LATER LIFE AND DEATH
After Major Gordon resigned his position as Private Secretary to the Duke of Wellington, he moved with his wife to Stow-on-the-Wold. Unfortunately, the high altitude was not good for his wife's health. After a brief vacation in his hometown of Bridge of Allan, they concluded that the climate was perfect for her. Major Gordon bought the home Jessamine, and the couple lived happily for several years until Maude died in 1929.
After Edmund died in 1932, Major Gordon joined the Hellenic Travellers Club and travelled to the Holy Land for the first time. Here he learned about the discovery of the mosaics of the Church of the Multiplication at Galilea. After meeting Father Tapper and many archaeologists, Major Gordon started funding £400 for a roof over the mosaics. In 1937 he translated. Alfons M. Scheider book under the title: "Church of the Multiplying of the Loaves and Fishes at Tabgha, Lake of Galilee, and its Mosaics". On 14 May 1938, the article "A Scotsman builds a chapel in Galilee" was published in 'The Sphere'.
In 1939 Major Gordon - reluctantly - wrote his memoirs under the title: "Culled from a Diary" and was assisted by the British writer Anna Masterton Buchan. The book was published in 1941 by the publisher Oliver&Boyd. Major Gordon records in the final chapter of his memoirs:
"I end with what I might have preceded my account of my service under King Albert. Almost his first request was; Major, I always wish for the truth. I do not always get it! And please never publish anything when with me".
Major Gordon kept his double promise to the King.
In 1941 Major Gordon lost his oldest brother Wiliam Eagleson Gordon after William had been a casualty of the bombing at Piccadilly Square while residing at the In & Out club.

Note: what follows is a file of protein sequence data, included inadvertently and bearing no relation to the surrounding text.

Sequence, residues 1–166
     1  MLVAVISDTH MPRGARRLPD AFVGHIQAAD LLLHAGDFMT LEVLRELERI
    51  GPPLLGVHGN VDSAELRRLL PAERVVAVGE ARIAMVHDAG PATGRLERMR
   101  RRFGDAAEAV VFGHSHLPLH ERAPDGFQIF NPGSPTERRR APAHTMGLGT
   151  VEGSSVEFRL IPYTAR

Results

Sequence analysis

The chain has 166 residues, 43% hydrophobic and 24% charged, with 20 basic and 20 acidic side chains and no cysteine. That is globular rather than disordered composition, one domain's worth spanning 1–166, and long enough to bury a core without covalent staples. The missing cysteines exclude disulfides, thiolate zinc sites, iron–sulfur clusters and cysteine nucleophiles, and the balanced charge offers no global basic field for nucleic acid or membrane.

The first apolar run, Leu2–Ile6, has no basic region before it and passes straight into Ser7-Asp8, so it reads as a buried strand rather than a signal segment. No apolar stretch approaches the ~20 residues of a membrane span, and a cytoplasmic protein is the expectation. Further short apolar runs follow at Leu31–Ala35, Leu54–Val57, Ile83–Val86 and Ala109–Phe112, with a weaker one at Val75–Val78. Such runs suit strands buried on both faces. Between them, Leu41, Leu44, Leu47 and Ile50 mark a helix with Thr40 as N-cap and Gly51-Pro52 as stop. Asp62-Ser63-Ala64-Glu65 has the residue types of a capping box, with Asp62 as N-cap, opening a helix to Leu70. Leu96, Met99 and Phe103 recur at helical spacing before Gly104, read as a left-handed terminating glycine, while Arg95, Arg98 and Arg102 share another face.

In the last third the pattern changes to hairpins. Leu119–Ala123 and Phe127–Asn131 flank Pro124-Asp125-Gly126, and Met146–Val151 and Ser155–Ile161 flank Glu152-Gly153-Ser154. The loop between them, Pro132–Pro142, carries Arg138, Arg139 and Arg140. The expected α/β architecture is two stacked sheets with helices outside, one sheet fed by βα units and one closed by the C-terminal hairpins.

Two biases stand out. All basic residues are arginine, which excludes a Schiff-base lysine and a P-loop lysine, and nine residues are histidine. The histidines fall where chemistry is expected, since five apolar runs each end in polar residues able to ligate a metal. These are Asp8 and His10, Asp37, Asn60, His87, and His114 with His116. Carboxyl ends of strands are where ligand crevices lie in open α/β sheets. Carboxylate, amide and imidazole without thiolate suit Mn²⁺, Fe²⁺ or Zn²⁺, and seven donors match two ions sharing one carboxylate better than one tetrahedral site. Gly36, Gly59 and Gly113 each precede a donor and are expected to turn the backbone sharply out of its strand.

During the final years of his life, Major Gordon had a close friendship with his cousin Ronald Eagleson Gordon. They corresponded by letters and shared many stories about the family. Later, Major Gordon decided to bequeath his family heirlooms to Ronald, while his home Jessamine and other belongings went to his nephew General Cameron Gordon Graham Nicholson. His brother Brigadier Reginald Arran Graham Nicholson later donated some of his family's history to the Imperial War Museum in London. Ronald made sure that the lore of Major Gordon's family was passed down to his son Cyril Vivian Eagleson Gordon MC & Bar, who passed it down to his sons. Ronald Eagleson Gordon is considered the forefather of the Major A. A. Gordon Society.
Major Gordon died on 12 August 1949.
GORDON FAMILY TREE
Peter of Ballee William of Ballyskeagh 1697 - ?
Mary Boak Mary Ross
Aaron Gordon William Gordon (1738 - 1831) Margaret Gordon Mary Gordon
Margaret Boak (1744 - 14/11/1837) .... Martin
Elizabeth(... - 1839) Aaron(1781 - 8/10/1844) Robert of Stragollen (1774- 7/9/1850) William(..- ./1/1837) Mary
Ellen Eagleson (1786 - 21/09/1860)
George (22/6/1824 - 4/6/1896) William(15/5/1812 - 25/2/1814) Aaron (17/5/1814 - 29/1/1860) Matilda An (1/11/1817 - 1863) William E. (4/6/1831-15/1/1873) Elizabeth Robert (4/6/1823 - 23/7/1823) Margaret (5/5/1810 - 1816) Ellen (1827 - 1899) Robert (1830 - 1883)
X (1)Marion Hay Forbes
X (2) Emelia M. Dick
William Eagleson Archibald Alexander Robert Aaron Emily Mackenzie Helen Isabelle
Lizzie Maude Smith
William "Bill" Hyde Eagleson Archibald Edmund Robert Adam